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  • Writer's pictureVictoria Regina

Queen Victoria’s Journal - Prince Albert’s ice skating incident, 9th February 1841

After having breakfast and seeing their daughter in the nursery on 9th February 1841 - the day before their first wedding anniversary. Queen Victoria and Prince Albert decided to go for a private walk around the grounds of Buckingham Palace. It had been a particularly cold winter, which had caused the lake to freeze solid. A few weeks earlier, Queen Victoria had given Albert a new pair of ice Skates, which according to Victoria he put on “& helped me to walk across the ice, which was very smooth & hard, — to the island.’ Victoria remained on the bank of the island while Albert “skated all round the Lake”.

Queen Victoria and Prince Albert Skating at Frogmore © Royal Collection Trust / HM King Charles III 2024

Her journal entry recording the incident reads -

"We talked of this time last year, which was my last day, unmarried. — We went up to see the Child, after breakfast, & then we went into the garden with Miss Murray & Seymour. I had list shoes on, in order to be able to walk on the frozen ground. Albert put on his skates, & helped me to walk across the ice, which was very smooth & hard, — to the island. He skated all round the Lake, & on coming close to the bridge, — quite a narrow place, I, standing alone on the bank, — said, "it is unsafe here", & no sooner had I said this, than the ice cracked, & Albert was in the water up to his head, even for a moment below. In my agony of fright & despair, I screamed, & stretched out my arm, Miss Murray pulling me. My dearest Albert managed to catch my arm, & reached the ground in safety. Oh! how thankful I felt to see him at my side again & that God should have mercifully preserved him from such a great danger! He cut his chin a little, & was of course dripping with water, so that he ran home as fast as he could. It was a horrid experience, & I never felt anything so dreadful, as seeing my beloved one in the water, & thinking, as I did, that I should lose him before my very eyes unable to rescue him! I followed with Miss Murray as quickly as I could & poor Seymour arrived when all was over. When I got home, I found Albert running about to warm himself & looking very pale. He took a hot bath & went to bed for a bit, well wrapped up, but was able at ½ p. 1, to go down with me into the Hall, to receive Uncle Leopold, who I think, is looking very well. We took him up to see the Child, & then lunched, Mama joining us. —

At 3, I saw Ld Melbourne. Talked of our horrid fright this morning, at which he was greatly shocked, — of the Elections & Ld Listowel being sure of succeeding at St. Albans; — of Jocelyn being expected in Town today; — of the climate of China being so bad, & that Adm: Elliott was very ill, but that people say that by degrees one gets accustomed to it. — We went down to Uncle Leopold, & remained a little while with him. He gave me a kind letter from dear Louise who sent me a very pretty Turquoise ring. — Wrote my Journal & Albert read to me. — Besides ourselves, Mama, Uncle Leopold, Gen: Goblet, & Van Praet, Ld Melbourne, Van de Weyer, Ld Surry, & Ld Uxbridge, dined. Uncle led me in. I talked to Ld Melbourne after dinner of Ld Listowel being elected by a majority of 47, & it's being such a good thing. Monmouthshire unfortunately, does not look so well. The Member resigned without saying a ward, — too had. Ld Melbourne agreed with me, that one ought in future, always to be prepared for such eventualities, amongst the Members. "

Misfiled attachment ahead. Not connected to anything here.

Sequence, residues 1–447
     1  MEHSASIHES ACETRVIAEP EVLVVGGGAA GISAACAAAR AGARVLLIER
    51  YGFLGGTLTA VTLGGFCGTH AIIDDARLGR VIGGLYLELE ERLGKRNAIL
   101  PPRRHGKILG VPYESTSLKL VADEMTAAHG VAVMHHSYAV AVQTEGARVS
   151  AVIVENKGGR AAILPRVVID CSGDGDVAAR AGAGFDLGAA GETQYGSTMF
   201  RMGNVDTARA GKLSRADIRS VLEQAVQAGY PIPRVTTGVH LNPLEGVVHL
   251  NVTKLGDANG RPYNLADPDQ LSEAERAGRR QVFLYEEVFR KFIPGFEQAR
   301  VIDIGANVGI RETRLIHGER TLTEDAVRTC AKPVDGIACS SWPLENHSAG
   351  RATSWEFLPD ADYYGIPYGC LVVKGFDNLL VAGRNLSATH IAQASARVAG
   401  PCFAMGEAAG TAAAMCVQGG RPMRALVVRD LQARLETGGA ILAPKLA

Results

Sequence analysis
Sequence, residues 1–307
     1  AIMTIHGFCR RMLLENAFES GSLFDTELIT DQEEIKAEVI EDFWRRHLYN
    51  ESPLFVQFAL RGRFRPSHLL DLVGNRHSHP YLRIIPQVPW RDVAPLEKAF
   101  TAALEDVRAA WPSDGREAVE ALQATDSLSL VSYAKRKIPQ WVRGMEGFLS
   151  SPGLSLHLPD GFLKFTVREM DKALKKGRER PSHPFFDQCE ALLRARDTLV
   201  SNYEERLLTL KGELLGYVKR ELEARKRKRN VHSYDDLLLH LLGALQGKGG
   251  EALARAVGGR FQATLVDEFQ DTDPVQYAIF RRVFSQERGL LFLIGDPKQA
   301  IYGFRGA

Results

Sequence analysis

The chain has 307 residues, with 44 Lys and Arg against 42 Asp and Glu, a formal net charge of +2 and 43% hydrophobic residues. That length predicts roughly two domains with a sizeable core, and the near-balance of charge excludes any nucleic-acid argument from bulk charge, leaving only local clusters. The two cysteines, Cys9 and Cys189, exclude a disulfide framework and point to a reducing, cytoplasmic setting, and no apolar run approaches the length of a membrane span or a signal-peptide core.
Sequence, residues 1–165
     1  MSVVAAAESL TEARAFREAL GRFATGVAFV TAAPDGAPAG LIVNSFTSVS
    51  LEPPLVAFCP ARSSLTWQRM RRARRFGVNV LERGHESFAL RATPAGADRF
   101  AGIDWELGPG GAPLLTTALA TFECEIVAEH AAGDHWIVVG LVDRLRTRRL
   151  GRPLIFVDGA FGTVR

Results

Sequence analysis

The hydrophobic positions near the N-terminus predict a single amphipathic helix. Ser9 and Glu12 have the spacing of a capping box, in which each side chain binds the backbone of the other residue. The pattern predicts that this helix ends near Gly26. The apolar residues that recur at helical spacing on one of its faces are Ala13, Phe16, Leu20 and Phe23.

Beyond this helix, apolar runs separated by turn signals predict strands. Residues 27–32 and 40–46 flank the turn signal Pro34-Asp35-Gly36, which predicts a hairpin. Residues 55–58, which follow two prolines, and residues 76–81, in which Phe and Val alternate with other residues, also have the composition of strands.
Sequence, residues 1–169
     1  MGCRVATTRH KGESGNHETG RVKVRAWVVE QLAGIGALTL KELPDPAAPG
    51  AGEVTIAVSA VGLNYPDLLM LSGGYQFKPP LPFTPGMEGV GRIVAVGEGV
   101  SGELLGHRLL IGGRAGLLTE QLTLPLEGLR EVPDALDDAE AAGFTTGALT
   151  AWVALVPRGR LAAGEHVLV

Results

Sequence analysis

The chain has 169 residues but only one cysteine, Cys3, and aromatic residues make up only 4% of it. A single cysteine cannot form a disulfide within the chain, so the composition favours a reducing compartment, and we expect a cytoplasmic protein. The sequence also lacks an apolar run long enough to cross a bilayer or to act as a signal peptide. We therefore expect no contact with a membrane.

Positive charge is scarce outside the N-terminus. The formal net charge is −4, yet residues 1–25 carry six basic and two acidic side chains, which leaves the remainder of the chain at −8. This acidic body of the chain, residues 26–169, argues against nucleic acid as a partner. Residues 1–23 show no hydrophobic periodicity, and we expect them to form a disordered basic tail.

© Her Majesty Queen Elizabeth II 2012

© Bodleian Libraries © ProQuest

Albert was naturally grateful for Victoria's assistance and expressed his gratitude in a letter to Duchess Caroline of Saxe-Gotha- Altenburg on thr

The letter to Duchess Caroline of Saxe-Goth-Altenburg on the 12 February 1841 Prince Albert recalls the incident -

'Buckingham Palace, 12 Feb. 1841. — The cold has been intense. . . . Nevertheless, I managed, in skating, three days ago, to break through the ice in Buckingham Palace gardens. I was making my way to Victoria, who was standing on the bank with one of her ladies, and when within some few yards of the bank I fell plump into the water, and had to swim for two or three minutes in order to get out. Victoria was the only person who had the presence of mind to lend me assistance, her lady being more occupied in screaming for help. The shock from the cold was extremely painful, and I cannot thank Heaven enough, that I escaped with nothing more than a severe cold. They had, it seems, broken the ice recently at that particular spot, and it had frozen over again, so that it was impossible to distinguish the place'

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